“How long should I wait to follow up with a potential employer after an interview?”
The timeline for following up after an interview can often be a challenge for job seekers, as anticipation takes hold and they wait eagerly for a response. But sometimes, following up too soon can negatively impact your success, and timing it right is key.
It’s important to note that this has nothing to do with the actual ‘Thank You” note that is to be sent within 24 hours after the interview. What we’re talking about here is the proper timeline for following up on next steps, assuming you left the interview with a generally positive feeling that they might be interested in either a second interview, or extending an offer.
Best case scenario: You complete the interview and the hiring manager gives you somewhat of a definitive timeline of when you can expect to hear from them – “by next Monday” or “we’ll be done interviewing by the 15th” – allowing you a metric by which to gauge your follow up response.
In most cases, however, you’ll receive a more vague cliff-hanger of a response along the lines of, “It was great meeting you – we’ll be in touch shortly.” This type of generalized response doesn’t necessarily mean that you’re out of the running, just that you’ll have to work a little harder to gauge the timeline of the process.
Here are a couple general rules of thumb in regards to following up after the interview:
- If a timeline is given, be sure to respect that timeline. If the timeline approaches and you still haven’t heard back, give them a 1-2 day buffer to still reach out to you. Plenty of hurdles come up, including administrative hold ups, or unexpected absences.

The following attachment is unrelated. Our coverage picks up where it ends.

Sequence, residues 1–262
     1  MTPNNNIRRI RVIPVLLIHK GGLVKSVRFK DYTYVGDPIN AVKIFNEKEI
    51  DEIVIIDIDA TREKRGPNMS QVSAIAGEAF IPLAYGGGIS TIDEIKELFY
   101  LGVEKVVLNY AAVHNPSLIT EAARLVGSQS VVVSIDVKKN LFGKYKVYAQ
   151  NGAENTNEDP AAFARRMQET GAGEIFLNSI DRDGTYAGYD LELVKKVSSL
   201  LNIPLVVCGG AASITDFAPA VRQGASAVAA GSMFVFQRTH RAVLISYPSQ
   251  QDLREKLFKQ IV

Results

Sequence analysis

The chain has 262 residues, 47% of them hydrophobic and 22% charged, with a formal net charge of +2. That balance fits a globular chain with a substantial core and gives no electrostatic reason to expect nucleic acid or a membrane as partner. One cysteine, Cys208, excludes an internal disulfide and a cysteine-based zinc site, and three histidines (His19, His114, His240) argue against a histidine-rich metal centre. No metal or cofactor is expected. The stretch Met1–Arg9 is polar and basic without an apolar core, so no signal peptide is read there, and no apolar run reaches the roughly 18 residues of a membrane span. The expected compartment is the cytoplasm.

- If no timeline or sense of next steps is given upon exiting the interview, allow at least 4-5 business days before following up, as it’s likely that they are interviewing additional candidates and haven’t yet made a decision. Over-eagerness bordering on impatience will not do anything positive for your chances.
- Normally, if a candidate is being strongly considered, or in the final steps before making an offer, it’s likely that the hiring manager will provide you with some expectation of next steps and when you can expect to hear from them. However, it doesn’t always work that way. If no timeline is given, but you’re left with a distinct impression that they want to move forward, or extend an offer, again, allow roughly 4-5 business days before following up.
In each case, the point of a follow up is twofold: it’s an opportunity for you to reaffirm your interest in the role and why you feel you’re a strong fit, and also to maintain presence on their radar as they’re moving through the hiring process. Try this:
Hi Dana –
Thank you again for your time on Tuesday. I want to reaffirm my enthusiasm in being considered for the role, and confidence in my ability to bring a lot of value to the team. I look forward to next steps – is there any additional information I can provide on my end to help move the process forward?
Ending the outreach on a question gives them an extra push to respond to you, versus a “simply checking in” letter.
The key here is to be slightly aggressive, but in a tactful way that respects the fact that the hiring manager, no matter how swiftly a response they may have promised you, is a busy person likely handling multiple job openings, and many factors outside of their control can arise and inadvertently slow down the process.